sparky

Ad Honorem
Jan 2017
5,634
Sydney
1- there was very little lend lease between June and December 1941
2- Army group Center had to halt at Smolensk for its supplies , infantry , air fields , to re-group and refill , this was foreseen by the logistic department
3- Sending armor to help the struggling Northern and Southern armies groups was perfectly correct ,
4-the German Generals ( Von Kluge) stuffed up in overreaching for Moscow , Hitler wasn't too interested in taking it

After the Viazma and Briansk success , the smart thing would have been to go on the defensive for the winter
instead the generals committed a basic mistake of exceeding their maximum offensive point
they could still advance , but their forces impacts were becoming much more feeble and their whole armies were in a grossly overstretched posture
the early December blizzards didn't help but they were not the main reason for the Germans defeat
the total exhaustion of the men and gear , breakdown of the supplies lines and accumulated losses had more to do with it .
 

deaf tuner

Ad Honoris
Oct 2013
14,816
Europix
Say the US stays neutral, so no lend lease,
You know, it's actually fascinating how not one, but two non-factualities can be put into only nine words:

1. Japan attacked US, Germany declared war to US, not the other way around. US was dragged into war, didn't choose to renounce to it's neutrality.

2. The Lend-Lease was approved in March '41. US was neutral at the time.
 
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Futurist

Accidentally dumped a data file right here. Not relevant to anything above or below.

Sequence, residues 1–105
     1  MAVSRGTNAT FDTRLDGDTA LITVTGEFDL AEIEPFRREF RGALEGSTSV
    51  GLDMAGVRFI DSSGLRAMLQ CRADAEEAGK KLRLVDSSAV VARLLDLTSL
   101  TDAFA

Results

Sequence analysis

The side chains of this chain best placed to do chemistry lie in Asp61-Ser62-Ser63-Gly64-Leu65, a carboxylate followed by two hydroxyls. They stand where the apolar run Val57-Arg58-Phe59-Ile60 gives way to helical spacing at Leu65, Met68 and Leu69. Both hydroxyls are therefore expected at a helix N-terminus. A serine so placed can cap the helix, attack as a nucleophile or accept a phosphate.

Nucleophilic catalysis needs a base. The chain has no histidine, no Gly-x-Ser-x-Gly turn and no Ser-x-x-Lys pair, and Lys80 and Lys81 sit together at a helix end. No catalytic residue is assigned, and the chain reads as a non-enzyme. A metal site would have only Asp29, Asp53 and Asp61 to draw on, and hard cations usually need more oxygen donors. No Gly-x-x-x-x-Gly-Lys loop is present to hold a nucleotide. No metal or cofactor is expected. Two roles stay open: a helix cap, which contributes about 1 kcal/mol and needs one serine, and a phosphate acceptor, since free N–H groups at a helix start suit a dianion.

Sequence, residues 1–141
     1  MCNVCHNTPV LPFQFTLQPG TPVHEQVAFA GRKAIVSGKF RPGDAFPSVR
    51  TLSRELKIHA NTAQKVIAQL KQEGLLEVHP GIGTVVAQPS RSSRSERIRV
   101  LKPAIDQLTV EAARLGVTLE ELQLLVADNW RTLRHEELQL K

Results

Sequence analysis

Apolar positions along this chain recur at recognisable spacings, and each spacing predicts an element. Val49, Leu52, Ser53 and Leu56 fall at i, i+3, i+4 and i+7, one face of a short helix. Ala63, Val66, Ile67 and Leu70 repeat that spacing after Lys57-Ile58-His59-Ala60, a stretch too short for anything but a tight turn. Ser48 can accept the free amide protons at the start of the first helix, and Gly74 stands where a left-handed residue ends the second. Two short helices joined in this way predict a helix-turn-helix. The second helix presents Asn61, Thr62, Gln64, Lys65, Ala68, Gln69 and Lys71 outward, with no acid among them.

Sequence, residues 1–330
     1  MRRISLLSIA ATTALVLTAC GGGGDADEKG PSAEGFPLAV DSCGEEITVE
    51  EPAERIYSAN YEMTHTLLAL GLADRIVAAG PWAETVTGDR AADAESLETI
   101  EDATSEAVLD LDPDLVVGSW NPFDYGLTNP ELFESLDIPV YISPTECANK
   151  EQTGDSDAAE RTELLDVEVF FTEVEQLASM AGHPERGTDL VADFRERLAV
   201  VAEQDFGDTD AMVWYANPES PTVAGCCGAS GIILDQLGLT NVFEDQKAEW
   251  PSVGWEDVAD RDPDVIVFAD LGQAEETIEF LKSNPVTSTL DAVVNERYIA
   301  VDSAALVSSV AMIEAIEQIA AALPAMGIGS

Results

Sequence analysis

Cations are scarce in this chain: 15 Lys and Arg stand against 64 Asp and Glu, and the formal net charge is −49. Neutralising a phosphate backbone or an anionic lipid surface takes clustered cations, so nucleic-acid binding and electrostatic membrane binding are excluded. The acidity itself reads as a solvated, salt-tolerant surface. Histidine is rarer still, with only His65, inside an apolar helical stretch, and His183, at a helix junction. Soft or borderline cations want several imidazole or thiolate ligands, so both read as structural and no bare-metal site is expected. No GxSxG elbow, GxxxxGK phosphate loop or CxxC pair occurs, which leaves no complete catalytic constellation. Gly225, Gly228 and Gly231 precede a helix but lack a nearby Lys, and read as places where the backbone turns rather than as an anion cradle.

Ad Honoris
May 2014
23,447
SoCal
The whole "Kiev saved Moscow" hypothesis is connected to the idea that the Russian winter saved Moscow and thus, had the Germans not diverted their forces to Kiev, they would have arrived at Moscow before winter and win. While the winter certainly hampered the Germans, it was not THE factor. German losses were mounting, their effectiveness had decreased significantly (Military History Visualized claims that the effectiveness of the infantry was 65% and that of the tanks 35%). The attack on Kiev made perfect sense. Had the Germans pushed towards Moscow before taking care of the Kiev situation, they would have 600,000 Soviet troops threatening their right flank. Also, had the Germans launched their thrust towards Moscow in September, the Soviet counterattacks near Smolensk which took place in August and September might not have happened and thus the Soviets would have been arguably stronger given that they wouldn't have launched such costly yet unsuccessful attacks.
In a scenario where the Germans go for Moscow earlier, it's possible that the Soviets would be willing to divert some (but probably not too many) troops from Kiev in order to better defend Moscow. After all, holding onto Kiev would be worthless if Moscow is going to fall--though whether Stalin would actually be able to realize this in time is an open question.

Also, Yes, the encirclement of the Soviet forces in the Kiev area resulted in something like 600,000-700,000 Soviet troops being taken prisoner by the Nazis--which is a pretty good deal. Taking out a huge number of your enemy's forces so that they will never be able to fight against you and threaten you again really does sound great from a Nazi perspective (and really from any perspective).